The stickiness of the corn is evident in the thick clumps you can see in the spent grain. Mindful of falling short on the mash extraction last time I had a bag of dextrose ready in case the same happened again this time. I was only point short of the expected pre-boil gravity this time so I added 77g of dextrose into the boil to bump it up a point. I also used 30g instead of 25g of Saaz at 5 minutes to use up the last of the pack that I had. I don't think you can overdo noble hops.

Everything else about the brew day was completely normal and I collected around 23.5 litres of 1.046 wort.



The wort was extremely pale as expected. I got it down to about 23C with the immersion chiller in half and hour and it's now coming down the rest of the way to the pitching temperature of 13.5C in the brew fridge.

The 3.2 litre Wyeast 2352-PC starter was all finished on Friday morning and I successfully removed 500ml to keep in the fridge for the next lager. This is a very flocculent yeast so I'll have no trouble decanting most of the spent wort when it comes to pitching time which should be tomorrow morning.
 

foxbat

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The Phoney Peroni fermentation has started well. I pitched the decanted 2.7 litre starter of Wyeast 2352-PC at 8:00am on Monday morning at 13.5C and 14 hours later it had started bubbling through the blow-off tube. That could be one of the fastest starts I've seen to a cold lager fermentation. I'm usually used to waiting 18-24 hours for any visible action when fermenting cold. Re-used yeast from an overbuilt starter always seems to me to be more eager to get going and this is beer #3 from this pack of yeast.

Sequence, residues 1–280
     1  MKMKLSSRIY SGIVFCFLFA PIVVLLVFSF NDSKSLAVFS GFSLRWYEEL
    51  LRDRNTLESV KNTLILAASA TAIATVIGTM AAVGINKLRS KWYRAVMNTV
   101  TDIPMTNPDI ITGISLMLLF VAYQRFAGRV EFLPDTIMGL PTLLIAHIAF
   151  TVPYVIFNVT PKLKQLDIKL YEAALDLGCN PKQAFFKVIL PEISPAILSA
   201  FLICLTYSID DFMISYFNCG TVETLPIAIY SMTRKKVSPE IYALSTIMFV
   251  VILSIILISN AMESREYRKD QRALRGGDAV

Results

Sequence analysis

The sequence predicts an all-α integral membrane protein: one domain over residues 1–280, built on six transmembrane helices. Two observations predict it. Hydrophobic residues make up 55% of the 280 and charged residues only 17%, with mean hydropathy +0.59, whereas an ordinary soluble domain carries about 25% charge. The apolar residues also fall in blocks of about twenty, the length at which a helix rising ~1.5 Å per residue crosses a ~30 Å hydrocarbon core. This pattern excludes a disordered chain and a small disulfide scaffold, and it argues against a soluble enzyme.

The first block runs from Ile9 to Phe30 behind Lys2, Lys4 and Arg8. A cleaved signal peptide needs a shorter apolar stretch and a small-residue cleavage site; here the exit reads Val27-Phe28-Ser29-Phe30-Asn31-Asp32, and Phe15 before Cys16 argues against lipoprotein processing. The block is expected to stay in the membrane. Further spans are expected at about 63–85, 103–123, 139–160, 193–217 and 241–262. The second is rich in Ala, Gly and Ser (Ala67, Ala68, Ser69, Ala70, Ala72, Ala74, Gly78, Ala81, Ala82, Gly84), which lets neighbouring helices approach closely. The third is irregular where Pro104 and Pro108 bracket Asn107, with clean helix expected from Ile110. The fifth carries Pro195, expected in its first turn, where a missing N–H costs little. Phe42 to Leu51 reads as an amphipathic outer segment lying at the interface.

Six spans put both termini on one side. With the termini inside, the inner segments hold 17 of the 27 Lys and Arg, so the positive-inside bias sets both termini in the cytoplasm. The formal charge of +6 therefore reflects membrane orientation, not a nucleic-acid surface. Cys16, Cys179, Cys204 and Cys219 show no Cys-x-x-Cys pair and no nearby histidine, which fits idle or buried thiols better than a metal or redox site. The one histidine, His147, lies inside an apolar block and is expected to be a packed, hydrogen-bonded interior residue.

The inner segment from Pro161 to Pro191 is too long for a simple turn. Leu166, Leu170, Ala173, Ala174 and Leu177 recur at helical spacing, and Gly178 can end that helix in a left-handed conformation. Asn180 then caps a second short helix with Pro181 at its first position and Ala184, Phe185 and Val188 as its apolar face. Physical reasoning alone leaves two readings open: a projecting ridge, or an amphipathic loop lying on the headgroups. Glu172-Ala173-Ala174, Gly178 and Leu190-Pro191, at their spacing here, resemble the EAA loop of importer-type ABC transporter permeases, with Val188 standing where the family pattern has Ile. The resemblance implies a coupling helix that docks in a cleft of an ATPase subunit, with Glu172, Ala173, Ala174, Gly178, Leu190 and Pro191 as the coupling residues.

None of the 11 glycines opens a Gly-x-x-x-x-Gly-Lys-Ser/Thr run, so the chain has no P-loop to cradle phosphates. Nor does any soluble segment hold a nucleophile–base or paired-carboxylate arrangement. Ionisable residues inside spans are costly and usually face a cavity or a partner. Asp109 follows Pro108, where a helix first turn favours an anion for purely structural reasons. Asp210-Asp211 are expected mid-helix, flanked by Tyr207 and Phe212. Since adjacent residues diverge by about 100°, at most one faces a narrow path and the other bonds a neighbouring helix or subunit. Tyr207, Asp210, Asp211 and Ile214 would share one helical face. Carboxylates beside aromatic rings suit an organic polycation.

BeerCat

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I love a corn lager. Have a similar beer to package this week. Lost count what generation I am at with the yeast but it's over 2 years now and going strong. Being lazy i got fed up preparing starters and now I prefer to keg and immediately use the whole cake in the next batch.
 

foxbat

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I kegged the Phoney Peroni yesterday afternoon after 3 weeks in the fermenter. It had about 5 days at 13.5C then the rest of the time at 17C to finish and clear up.

FG was 1.005, more-or-less the same as the first time I brewed this and the ABV will be 5.4%.



The sample was nice and clear, and of course as pale as they come for a lager. I got a keg and 3 bottles from the left overs. The keg was fined with Clear-It, purged at 5x15psi and is sitting there at 20psi and 6.5C for the carbing and conditioning. Hopefully we'll get some nice days in July and August when I can enjoy drinking this outside in the sun.
 

BeerCat

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@BeerCat do you have a favourite recipe for your corn lagers?
Yes here you go.


OG 1040